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Title: Mixed anionic and cationic polyphosphazene complexes for effective gene delivery to glioblastoma in vitro and in vivo
Author: Hsu, Wei-Hsin
ISNI:       0000 0004 7660 5487
Awarding Body: University of Nottingham
Current Institution: University of Nottingham
Date of Award: 2018
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Gene delivery vectors that are safe, efficient and affordable could significantly enhance the prospects for genetic-based therapies. Here we describe an approach to such vectors, using new variants of polyphosphazene materials and describe the synthesis of a series of degradable polyphosphazenes with both cationic and anionic side-chains, and report their use as mixed polyelectrolyte complexes for DNA and RNA delivery to glioblastoma cells in vitro and in vivo. Precursor poly(allylamino-phosphazene)s were converted to cationic and anionic derivatives via a,w-thiolated alkylamines and alkylcarboxylates, respectively. Simultaneous co-incubation of alkylamine- and alkylcarboxylate-poly(phosphazenes) with nucleic acids generated polyelectrolyte complexes which were more compact than poly(alkylamino-phosphazene):DNA analogues but with similar positive surface charges. Screening of a series of these complexes for transfection of U87MG glioblastoma cells, showed that 6-mercaptohexanoic acid substituted poly(phosphazene)s mixed in the polycation/DNA complexes resulted in the highest luciferase expression in the cells. These data were consistent with an increased buffering capability of the 6-mercaptohexanoic acid substituted polymer across the early endosomal pH range in comparison with other anionic side-chain substituted polymers. Transfection assays in 3D spheroid models and in subcutaneous xenograft U87MG tumours confirmed higher transgene expression for these mixed cationic and anionic poly(phosphazene)s compared to the related poly(alkylamino-phosphazene)-DNA complexes, and also to PEI-DNA complexes. Extension of the approach to siRNA delivery showed that the mixed cationic and anionic poly(phosphazene)s were able to silence a gene encoding for a kinase implicated in tumour progression (DYRK1A), resulting in a reduced renewal ability of U87MG cells in vitro and in delay of tumour growth in a xenograft model.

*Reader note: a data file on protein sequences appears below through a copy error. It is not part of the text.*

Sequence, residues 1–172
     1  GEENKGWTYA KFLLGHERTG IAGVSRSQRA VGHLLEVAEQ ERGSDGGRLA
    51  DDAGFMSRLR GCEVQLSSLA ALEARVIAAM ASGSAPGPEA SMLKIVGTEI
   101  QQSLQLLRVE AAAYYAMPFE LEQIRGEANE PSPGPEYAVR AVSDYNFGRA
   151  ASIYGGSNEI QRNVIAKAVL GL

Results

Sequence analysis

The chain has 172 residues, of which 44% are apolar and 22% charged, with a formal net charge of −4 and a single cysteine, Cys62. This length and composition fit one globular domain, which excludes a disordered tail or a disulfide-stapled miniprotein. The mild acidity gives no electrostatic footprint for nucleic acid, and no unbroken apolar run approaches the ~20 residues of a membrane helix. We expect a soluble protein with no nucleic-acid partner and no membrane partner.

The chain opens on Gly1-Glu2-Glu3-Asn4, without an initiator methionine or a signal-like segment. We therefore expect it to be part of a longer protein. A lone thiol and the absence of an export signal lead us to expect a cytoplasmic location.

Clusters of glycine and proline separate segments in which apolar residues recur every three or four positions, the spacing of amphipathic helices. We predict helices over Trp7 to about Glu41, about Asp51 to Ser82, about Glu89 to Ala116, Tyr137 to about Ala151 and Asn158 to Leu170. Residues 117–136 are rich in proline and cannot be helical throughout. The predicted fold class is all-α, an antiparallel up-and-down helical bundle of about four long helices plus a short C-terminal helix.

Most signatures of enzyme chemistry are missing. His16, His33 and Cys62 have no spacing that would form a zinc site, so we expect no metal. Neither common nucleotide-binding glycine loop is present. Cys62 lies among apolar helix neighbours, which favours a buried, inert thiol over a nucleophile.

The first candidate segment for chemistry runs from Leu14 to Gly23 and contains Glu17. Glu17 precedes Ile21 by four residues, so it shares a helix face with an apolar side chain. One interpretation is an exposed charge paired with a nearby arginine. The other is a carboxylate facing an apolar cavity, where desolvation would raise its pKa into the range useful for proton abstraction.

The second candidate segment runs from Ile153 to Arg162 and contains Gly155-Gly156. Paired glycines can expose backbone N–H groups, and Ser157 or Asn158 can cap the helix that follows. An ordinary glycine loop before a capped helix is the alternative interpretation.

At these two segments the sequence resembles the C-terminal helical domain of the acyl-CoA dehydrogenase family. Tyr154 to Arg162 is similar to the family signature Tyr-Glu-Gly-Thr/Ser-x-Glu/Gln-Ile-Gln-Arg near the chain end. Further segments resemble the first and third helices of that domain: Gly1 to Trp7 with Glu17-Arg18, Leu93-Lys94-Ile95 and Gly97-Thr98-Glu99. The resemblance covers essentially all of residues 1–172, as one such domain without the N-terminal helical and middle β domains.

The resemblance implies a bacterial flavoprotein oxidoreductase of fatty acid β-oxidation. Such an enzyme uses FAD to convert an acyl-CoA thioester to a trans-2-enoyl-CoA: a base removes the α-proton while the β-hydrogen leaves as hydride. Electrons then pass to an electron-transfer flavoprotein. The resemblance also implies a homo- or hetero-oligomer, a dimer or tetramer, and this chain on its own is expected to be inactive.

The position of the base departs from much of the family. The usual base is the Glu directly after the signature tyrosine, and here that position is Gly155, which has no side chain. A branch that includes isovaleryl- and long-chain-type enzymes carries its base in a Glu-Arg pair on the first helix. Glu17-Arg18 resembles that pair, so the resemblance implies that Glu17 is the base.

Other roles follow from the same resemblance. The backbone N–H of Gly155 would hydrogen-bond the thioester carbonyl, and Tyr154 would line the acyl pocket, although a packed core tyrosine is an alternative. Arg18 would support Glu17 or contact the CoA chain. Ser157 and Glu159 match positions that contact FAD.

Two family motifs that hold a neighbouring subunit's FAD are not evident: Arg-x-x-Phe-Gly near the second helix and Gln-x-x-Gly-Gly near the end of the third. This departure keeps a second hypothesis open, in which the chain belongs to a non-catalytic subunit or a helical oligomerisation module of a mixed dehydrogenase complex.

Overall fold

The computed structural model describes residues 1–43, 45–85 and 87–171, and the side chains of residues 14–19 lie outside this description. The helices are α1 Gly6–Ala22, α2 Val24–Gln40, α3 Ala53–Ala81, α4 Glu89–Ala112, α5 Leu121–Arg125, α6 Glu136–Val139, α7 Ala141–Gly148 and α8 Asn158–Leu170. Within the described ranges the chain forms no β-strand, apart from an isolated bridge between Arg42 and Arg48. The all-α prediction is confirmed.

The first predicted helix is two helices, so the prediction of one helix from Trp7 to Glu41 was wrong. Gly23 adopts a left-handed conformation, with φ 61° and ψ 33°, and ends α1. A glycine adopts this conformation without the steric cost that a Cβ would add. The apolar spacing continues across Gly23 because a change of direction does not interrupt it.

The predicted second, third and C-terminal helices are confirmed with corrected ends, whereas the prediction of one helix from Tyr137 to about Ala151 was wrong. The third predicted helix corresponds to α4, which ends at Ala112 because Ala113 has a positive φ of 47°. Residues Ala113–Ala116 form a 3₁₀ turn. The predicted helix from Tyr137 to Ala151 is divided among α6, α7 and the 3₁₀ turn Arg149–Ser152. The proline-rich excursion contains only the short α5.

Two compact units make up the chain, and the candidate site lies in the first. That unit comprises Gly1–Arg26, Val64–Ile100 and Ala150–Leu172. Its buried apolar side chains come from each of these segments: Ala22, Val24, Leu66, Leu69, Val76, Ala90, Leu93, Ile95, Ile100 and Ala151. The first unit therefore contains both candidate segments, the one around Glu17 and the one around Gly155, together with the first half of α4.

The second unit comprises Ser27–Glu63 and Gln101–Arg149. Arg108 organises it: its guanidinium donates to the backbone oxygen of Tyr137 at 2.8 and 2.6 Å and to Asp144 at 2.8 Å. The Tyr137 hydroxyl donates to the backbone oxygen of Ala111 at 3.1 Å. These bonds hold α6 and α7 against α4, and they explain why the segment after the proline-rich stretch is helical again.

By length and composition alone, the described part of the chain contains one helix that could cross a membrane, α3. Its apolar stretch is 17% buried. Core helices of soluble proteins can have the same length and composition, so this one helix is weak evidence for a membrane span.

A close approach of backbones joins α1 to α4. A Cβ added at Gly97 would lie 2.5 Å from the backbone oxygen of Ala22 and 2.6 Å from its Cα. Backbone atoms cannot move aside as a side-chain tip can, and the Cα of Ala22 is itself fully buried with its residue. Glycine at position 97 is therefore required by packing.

Supervisor: Not available Sponsor: Not available
Qualification Name: Thesis (Ph.D.) Qualification Level: Doctoral
EThOS ID:  DOI: Not available
Keywords: QD241 Organic chemistry ; RB Pathology